Four PCIe connectors sprout from BFG's 1kW power supply

The BFG Tech 1kW PSU comes with four six-pin PCIe leads out of the box, along with enough rated capacity to power five or six 100W light bulbs in addition to your PC. Unfortunately, like most 1kW PSUs, this BFG Tech one doesn't have a larger, quieter 120mm cooling fan.

The GTX's little brother, the GeForce 8800 GTS, doesn't require such extreme measures, since it comes with only one PCIe plug per card. These cards are no longer than a Radeon X1950 XTX or a GeForce 7900 GTX, either. Still, with 96 stream processors clocked at 1.2GHz and 640MB of memory behind a 320-bit interface, the GTS isn't exactly warm milk—more like Diet Mountain Dew: toned down, but still extreme.

A pair of BFG Tech GeForce 8800 GTS cards

Now, let's talk about that untapped potential. Current GeForce 8800 drivers support dual-card SLI configurations, but no more than that. Yet every GeForce 8800 card comes with a pair of SLI connectors on board.

Dual connectors promise big things in the future

A dual-card GeForce 8800 SLI rig will only use one connector per card. In theory, the additional connectors could be used in offset fashion to create daisy-chained configurations of three, four, or more cards, once proper driver support is available. The fact that the G80 uses an external TMDS and RAMDAC chip to drive displays even suggests the possibility of cards a la the GeForce 7950 GX2 with dual GPUs and one display chip or even of "headless" GPU-only cards expressly intended for use with SLI. (Of course, daisy-chained cards would in all likelihood have to be equipped with single-slot coolers in order to fit into any standard-sized motherboard.) I expect the cards and drivers will materialize over time, but they're probably not top priorities for the green team at present. They are, after all, winning the performance sweeps quite handily, and their G80 drivers remain a work in progress.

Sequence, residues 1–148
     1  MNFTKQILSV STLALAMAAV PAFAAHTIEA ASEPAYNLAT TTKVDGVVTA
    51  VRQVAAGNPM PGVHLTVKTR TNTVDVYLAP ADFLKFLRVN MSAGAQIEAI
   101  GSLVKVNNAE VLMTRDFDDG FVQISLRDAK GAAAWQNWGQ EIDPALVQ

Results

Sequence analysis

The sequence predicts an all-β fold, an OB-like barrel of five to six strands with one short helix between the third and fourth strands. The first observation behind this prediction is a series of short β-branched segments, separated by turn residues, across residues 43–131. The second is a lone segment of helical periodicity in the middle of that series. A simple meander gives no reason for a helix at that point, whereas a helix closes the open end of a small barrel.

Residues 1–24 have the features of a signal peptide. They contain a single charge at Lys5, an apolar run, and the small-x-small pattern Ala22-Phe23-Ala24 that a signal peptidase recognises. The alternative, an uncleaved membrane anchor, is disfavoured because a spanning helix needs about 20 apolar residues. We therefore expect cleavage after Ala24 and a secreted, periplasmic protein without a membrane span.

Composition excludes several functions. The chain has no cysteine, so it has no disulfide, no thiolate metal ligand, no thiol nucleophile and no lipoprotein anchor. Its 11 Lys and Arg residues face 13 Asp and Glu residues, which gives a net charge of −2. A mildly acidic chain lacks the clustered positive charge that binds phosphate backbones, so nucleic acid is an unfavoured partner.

A more glaring omission is something I simply expected to see with GeForce 8800 SLI out of the box: SLI antialiasing. Both Nvidia's SLI and ATI's CrossFire can use multiple GPUs to achieve higher degrees of edge antialiasing than is possible with a single GPU. These antialiasing modes function as load-balancing methods that sacrifice raw performance for improved image quality. On the GeForce 7 series, SLI AA can deliver up to 16 samples with two GPUs and up to 32 samples in quad SLI. Similarly, CrossFire's dual-GPU Super AA modes reach up to 12 samples. Surely, I thought, with G80's nifty 16X coverage-sampled antialiasing, we'll see SLI CSAA modes up to 32X in dual-GPU configurations. Turns out that's not the case, at least not yet. Nvidia's drivers haven't yet enabled any SLI AA modes on the GeForce 8800. Support for SLI AA on the 8800 is in the works, but it's not here yet, and we don't have any ETA for it at present.

Fortunately, that's not a major problem, given the G80 GPU's excellent native AA support. We'll compare SLI AA and SuperAA to GeForce 8800 antialiasing in the following pages, and you'll see what I mean.